Our weekly linkpost, bringing you interesting and informative links on science policy issues buzzing about the internet.

1 solution to global overfishing found – That solution, say the authors of a landmark field investigation of co-managed tropical coral reef fisheries, is a combination of top-down and bottom-up management to balance livelihoods and fish populations.   “The study’s main finding is that co-management has been largely successful in sustaining fisheries and improving people’s livelihoods. … A comparison of co-managed reefs with other reefs showed that co-managed reefs were half as likely to be heavily overfished….”  (via EurekAlert)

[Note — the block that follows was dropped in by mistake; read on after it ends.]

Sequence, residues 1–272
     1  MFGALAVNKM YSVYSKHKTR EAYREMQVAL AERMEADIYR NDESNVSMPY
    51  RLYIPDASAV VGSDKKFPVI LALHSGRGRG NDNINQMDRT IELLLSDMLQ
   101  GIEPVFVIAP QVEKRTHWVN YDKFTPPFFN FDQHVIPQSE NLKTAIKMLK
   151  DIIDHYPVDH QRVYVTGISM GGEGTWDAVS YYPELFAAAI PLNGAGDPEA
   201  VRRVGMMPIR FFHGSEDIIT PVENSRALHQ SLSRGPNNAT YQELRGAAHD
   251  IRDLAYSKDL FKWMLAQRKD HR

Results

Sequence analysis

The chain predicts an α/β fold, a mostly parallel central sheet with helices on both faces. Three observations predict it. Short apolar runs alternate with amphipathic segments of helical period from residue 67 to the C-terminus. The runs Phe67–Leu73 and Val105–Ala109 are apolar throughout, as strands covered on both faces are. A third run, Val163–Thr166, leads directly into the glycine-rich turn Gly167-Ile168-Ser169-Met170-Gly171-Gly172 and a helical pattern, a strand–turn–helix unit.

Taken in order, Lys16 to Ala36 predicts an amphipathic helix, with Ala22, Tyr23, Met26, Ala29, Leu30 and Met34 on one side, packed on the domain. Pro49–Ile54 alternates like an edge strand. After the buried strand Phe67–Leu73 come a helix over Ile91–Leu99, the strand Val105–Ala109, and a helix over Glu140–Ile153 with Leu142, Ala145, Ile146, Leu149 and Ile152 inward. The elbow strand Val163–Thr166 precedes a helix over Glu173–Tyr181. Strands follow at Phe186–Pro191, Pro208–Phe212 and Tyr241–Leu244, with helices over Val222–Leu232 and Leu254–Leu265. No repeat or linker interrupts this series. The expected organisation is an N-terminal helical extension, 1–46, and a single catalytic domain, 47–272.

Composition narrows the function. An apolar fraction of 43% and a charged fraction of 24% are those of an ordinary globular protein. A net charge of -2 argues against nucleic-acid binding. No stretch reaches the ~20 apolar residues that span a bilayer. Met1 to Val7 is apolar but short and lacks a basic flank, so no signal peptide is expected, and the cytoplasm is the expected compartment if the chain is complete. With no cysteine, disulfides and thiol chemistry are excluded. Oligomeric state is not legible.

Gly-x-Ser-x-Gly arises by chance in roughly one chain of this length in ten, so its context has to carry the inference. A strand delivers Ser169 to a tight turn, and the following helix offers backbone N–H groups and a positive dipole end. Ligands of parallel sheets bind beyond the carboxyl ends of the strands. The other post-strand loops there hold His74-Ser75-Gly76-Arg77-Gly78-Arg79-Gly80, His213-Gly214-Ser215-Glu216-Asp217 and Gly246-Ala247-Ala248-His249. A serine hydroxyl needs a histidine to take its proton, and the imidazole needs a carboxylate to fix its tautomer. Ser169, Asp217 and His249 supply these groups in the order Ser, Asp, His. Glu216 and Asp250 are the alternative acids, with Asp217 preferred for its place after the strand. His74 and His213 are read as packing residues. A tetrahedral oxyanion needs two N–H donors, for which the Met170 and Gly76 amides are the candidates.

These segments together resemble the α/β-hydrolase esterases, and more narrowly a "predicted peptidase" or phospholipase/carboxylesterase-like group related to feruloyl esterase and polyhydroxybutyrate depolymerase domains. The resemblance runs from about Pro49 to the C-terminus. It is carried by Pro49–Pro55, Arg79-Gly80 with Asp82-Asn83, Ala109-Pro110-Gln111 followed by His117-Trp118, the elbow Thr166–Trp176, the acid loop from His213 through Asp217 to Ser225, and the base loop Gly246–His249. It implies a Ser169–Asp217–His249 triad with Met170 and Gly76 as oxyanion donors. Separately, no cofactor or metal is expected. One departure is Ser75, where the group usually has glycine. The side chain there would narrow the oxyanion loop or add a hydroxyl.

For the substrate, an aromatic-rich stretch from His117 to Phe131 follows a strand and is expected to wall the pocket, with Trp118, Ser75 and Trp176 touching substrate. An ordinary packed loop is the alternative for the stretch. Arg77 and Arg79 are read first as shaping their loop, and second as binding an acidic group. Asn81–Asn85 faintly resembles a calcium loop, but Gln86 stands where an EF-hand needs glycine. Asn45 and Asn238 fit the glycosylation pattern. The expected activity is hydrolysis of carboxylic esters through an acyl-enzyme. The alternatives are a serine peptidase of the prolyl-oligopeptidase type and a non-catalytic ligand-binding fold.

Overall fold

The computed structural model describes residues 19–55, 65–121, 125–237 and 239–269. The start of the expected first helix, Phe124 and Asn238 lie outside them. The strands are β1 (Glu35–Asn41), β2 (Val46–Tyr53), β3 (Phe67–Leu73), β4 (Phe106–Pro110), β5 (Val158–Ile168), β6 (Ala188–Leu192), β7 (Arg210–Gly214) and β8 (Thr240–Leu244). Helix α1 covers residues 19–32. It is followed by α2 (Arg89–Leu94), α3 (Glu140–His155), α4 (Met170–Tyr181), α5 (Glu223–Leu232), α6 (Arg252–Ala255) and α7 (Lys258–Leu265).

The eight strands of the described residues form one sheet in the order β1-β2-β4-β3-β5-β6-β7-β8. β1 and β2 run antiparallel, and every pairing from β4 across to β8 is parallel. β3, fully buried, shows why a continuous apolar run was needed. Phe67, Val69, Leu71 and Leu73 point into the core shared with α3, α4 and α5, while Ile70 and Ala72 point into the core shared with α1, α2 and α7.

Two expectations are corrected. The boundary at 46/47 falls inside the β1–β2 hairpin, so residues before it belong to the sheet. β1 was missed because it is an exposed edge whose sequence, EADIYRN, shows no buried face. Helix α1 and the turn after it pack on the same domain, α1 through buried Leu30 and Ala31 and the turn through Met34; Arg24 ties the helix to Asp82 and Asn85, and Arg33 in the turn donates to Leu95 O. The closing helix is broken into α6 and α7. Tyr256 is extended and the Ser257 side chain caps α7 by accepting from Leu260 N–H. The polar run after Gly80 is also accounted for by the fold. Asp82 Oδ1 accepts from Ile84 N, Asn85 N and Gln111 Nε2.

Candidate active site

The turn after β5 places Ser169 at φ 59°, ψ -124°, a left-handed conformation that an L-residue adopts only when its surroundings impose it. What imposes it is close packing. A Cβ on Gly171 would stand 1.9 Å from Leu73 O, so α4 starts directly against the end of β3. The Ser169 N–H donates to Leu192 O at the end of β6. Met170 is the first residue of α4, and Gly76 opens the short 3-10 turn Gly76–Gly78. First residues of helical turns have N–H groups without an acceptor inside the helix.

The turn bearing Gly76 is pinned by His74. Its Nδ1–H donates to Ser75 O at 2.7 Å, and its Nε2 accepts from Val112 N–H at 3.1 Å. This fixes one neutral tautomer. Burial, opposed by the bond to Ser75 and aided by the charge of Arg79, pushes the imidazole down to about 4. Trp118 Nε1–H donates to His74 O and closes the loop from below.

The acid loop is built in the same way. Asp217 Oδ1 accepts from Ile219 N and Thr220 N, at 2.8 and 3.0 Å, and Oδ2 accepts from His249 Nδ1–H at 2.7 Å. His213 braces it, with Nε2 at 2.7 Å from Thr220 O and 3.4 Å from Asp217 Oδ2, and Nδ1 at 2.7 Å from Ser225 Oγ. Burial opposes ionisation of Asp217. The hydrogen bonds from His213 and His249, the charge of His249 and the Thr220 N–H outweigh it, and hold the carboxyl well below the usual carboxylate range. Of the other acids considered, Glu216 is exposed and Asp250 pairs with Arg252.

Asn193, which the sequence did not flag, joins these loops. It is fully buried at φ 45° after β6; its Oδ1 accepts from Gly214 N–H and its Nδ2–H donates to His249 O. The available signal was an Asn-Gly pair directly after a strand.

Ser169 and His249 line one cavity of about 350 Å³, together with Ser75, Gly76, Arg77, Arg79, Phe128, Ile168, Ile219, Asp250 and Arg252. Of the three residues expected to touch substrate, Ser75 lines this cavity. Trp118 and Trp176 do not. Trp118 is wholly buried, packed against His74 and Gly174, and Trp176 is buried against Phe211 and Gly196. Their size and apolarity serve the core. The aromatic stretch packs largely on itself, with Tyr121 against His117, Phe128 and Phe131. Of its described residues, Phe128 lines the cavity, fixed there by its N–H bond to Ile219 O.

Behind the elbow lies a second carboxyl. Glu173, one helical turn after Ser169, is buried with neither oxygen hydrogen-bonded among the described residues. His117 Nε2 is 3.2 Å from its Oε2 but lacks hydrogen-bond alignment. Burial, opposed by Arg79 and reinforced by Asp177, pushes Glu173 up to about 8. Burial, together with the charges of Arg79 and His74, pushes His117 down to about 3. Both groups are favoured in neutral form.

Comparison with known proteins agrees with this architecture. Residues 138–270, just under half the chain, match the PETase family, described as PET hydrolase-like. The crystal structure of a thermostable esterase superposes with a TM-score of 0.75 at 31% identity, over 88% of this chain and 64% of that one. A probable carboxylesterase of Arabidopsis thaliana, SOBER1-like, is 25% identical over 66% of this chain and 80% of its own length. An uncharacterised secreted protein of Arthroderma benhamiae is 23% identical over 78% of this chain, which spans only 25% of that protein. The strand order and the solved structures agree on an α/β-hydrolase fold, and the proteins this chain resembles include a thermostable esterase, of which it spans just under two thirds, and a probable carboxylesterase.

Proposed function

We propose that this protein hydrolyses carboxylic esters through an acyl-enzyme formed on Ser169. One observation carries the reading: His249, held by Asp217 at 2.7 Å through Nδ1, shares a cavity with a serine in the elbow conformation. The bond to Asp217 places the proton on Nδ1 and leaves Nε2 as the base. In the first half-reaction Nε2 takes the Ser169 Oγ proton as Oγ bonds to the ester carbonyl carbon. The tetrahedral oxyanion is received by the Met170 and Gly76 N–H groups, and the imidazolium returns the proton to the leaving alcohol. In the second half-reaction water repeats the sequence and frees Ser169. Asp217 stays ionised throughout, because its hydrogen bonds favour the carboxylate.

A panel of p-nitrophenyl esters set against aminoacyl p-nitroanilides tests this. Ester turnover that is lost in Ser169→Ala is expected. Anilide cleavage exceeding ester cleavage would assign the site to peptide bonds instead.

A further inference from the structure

Financial Conflicts of Interest and the DSM-5A paper by Lisa Cosgrove and Sheldon Krimsky takes a look at the new competing interest disclosure policy for the American Psychiatric Association (APA) and finds that the panel deliberating on the next version of the “bible” of psychiatric illness, the DSM-5, still has considerable financial conflicts of interest.  (via PLoS Medicine)

Flu Debate Highlights Opacity of Public Health Research – Ian Fyfe on the Speaking of Medicine blog points out that the recent controversy on potentially dangerous avian flu research highlights a problem at the science/society interface:  the lack of public transparency of public health research.  He points out that the public does not have the knowledge to make informed decisions on such issues and that “[t]his level of uncertainty about work that has already been done and that carries significant risks to the population can only form a barrier between the public and the scientific community. Asking the public to then trust this same scientific community to evaluate and decide between two worrying prospects on their behalf is difficult.”